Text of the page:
Education & Scientific Attitude

We need to develop a viable approach to education which would produce adequate number of trained scientists willing to undertake research projects and contribute to the economic and social growth of the country.

by Prof. Sultan Mahmood Niazi

Iqbal genuinely bemoaned the ruthless carnage at the hands of the educational instructors when they suppressed the trend of asking question by their pupils and insisted on the blind acceptance of whatever was taught to them at madrasahs. Our teachers gradually adopted the same attitude in respect of provision of education at schools and colleges, because it allowed them to continue vomiting out in classes the trite pieces of information they themselves were forced to cram as students.

Such authoritarian attitude made their job easy, because they didn’t have to defend their knowledge in finding answers to the students’ queries. Anyone daring to ask questions was branded as insolent and brash.

Gala tou ghoont diya ahle madrash ne tera

Kahan se aaye sada La Ilaha Illallah.

(Allama Iqbal)

The school authorities have managed to stifle

the element of curiosity in seeking knowledge.

How do you expect the students to raise their

voices in order to find the truth?

The main stake-holders i.e. the young children, are all born-scientists. Every child is gifted with the inquisitive urge – the urge to know. Inquisitiveness is the chief trait of all scientists, because Science is defined as ‘The systematic study of the universal phenomena with the intent of finding the truth.’ All children are known to pestering the elders with incessant rain of questions about the happenings around them. What goes wrong when, our children, born with the faculty of asking non-stop questions, become dumb and docile acceptors of what the teachers pass on to them in the form of education? We, in Pakistan, are not producing scientists and scientific knowledge that can help us meet the challenges of the present time with success.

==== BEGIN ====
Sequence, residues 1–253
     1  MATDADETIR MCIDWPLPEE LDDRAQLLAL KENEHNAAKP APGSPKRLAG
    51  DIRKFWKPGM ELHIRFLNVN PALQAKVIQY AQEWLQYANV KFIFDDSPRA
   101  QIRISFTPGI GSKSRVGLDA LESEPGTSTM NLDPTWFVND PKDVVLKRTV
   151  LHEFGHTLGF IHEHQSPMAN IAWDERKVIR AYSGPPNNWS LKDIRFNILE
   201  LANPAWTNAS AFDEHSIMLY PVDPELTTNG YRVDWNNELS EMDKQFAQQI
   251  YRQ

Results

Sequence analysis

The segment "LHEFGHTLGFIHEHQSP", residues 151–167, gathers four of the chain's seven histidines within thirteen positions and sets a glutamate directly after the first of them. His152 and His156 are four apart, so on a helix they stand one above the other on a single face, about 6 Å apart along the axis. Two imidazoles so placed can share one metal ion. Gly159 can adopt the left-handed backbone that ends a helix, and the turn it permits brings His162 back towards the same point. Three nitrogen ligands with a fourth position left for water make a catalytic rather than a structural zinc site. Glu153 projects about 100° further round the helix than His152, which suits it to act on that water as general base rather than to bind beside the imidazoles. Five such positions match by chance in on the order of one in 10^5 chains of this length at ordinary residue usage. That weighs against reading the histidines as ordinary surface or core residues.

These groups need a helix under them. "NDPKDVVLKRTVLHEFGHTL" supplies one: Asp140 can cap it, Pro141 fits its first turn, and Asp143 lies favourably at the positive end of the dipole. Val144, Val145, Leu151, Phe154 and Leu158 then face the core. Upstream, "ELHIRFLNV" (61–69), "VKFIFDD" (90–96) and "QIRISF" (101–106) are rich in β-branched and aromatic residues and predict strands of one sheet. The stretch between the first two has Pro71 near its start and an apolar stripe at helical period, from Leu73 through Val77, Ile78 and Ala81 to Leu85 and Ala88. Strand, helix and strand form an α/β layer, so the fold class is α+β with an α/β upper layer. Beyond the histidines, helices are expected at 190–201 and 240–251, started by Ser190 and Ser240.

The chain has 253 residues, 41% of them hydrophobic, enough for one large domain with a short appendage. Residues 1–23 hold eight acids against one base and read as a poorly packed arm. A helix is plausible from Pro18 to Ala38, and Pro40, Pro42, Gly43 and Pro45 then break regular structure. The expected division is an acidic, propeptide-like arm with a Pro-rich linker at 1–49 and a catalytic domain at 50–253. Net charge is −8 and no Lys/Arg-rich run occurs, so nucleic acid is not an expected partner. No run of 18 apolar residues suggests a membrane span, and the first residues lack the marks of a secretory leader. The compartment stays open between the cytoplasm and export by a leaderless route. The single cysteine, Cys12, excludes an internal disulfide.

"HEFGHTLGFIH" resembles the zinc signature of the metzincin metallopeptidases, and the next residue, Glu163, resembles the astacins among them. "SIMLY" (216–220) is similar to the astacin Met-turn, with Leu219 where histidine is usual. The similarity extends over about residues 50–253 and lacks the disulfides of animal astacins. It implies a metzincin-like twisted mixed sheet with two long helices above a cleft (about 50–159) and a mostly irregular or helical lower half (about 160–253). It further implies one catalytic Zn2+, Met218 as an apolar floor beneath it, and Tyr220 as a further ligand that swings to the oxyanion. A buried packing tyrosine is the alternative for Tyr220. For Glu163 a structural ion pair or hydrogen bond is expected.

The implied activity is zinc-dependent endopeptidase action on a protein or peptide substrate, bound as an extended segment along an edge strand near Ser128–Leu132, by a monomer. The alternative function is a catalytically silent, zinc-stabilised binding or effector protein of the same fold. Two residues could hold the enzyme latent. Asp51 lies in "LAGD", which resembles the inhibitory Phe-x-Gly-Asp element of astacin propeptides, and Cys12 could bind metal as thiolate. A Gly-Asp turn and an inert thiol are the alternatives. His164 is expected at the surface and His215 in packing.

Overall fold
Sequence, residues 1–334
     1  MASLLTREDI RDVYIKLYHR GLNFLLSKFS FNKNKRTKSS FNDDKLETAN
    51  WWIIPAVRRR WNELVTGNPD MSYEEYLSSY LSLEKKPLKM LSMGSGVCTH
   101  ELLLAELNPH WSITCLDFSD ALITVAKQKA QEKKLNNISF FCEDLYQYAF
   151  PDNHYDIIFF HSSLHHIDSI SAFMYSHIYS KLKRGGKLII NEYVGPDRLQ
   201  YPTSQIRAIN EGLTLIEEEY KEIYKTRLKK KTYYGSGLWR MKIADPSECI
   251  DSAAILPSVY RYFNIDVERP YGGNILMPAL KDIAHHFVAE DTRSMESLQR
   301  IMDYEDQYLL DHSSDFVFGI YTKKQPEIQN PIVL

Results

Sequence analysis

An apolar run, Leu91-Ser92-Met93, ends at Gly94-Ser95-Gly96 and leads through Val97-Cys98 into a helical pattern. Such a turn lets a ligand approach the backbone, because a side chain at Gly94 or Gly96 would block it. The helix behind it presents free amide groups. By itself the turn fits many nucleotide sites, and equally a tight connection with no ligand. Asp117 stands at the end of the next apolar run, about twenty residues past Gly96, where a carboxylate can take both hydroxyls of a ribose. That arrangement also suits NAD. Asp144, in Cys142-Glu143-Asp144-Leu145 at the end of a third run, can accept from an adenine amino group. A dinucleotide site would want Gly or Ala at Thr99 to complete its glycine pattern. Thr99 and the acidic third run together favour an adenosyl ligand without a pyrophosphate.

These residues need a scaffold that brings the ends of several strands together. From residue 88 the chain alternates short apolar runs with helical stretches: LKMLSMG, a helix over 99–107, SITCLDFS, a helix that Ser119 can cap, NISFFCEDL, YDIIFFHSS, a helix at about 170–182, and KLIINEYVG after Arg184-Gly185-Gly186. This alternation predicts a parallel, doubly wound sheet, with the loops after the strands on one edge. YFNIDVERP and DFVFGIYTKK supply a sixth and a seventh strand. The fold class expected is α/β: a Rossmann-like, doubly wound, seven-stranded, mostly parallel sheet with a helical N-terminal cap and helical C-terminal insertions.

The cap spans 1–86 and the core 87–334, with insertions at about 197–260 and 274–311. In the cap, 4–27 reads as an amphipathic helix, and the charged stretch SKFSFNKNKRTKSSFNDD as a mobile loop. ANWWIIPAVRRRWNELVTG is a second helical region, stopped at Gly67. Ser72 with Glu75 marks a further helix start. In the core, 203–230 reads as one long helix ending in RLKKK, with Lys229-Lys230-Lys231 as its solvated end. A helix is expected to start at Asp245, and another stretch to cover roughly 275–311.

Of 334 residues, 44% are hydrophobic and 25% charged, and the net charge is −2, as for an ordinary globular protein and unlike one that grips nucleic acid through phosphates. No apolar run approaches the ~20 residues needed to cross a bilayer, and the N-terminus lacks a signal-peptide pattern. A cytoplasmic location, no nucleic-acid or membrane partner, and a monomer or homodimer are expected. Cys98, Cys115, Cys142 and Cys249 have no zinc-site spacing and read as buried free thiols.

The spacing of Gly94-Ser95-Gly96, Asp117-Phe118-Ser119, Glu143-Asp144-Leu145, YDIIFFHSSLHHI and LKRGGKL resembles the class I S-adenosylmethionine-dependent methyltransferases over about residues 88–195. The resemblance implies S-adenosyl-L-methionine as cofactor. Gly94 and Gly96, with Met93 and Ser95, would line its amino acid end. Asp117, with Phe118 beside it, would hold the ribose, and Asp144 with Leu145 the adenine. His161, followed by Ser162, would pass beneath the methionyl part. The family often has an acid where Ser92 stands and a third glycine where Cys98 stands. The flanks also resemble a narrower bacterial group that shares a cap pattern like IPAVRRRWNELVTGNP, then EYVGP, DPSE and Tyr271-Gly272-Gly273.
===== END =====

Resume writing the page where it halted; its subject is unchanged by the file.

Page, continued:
Obviously, there is something wrong with our system of education. The traditional approach of passing on to the students, the information gained by the teachers is not yielding the desired results. The teachers expect their students to docilely accept whatever information is passed on to them. As a result, rote- learning finds fertile ground to flourish. Very industrious and hard-working students adopt the habit of memorizing the contents of text-books and jotting down the major points of the teacher’s lectures in classes, without realizing that they are academically getting nowhere.

They need to acquire the scientific approach which basically calls for serious and thorough observation on the part of the learners. They should be trained to observe things realistically and rationally. Only then they would be able to embark upon the next phase of scientific behavior which comprises the stage of pondering over the findings of their observations. The scientists are able to see possibilities with their mind’s eye and judge each possibility as rationally as possible. This phase, in scientific jargon, is the phase of calculation, though not necessarily restricted to the application of mathematical functions alone. Scientific contemplation is the basic ingredient. Scientifically minded people think and think over what they see and discover during the phase of observation. They probe into various possibilities presented by their observations. They analyze their findings and finally draw inferences which are the most satisfying. The three stages of the scientific approach i.e. observation, calculation and inference open the way for knowledge generation and liberate the students from the shackles of blind acceptance of information provided by the teachers.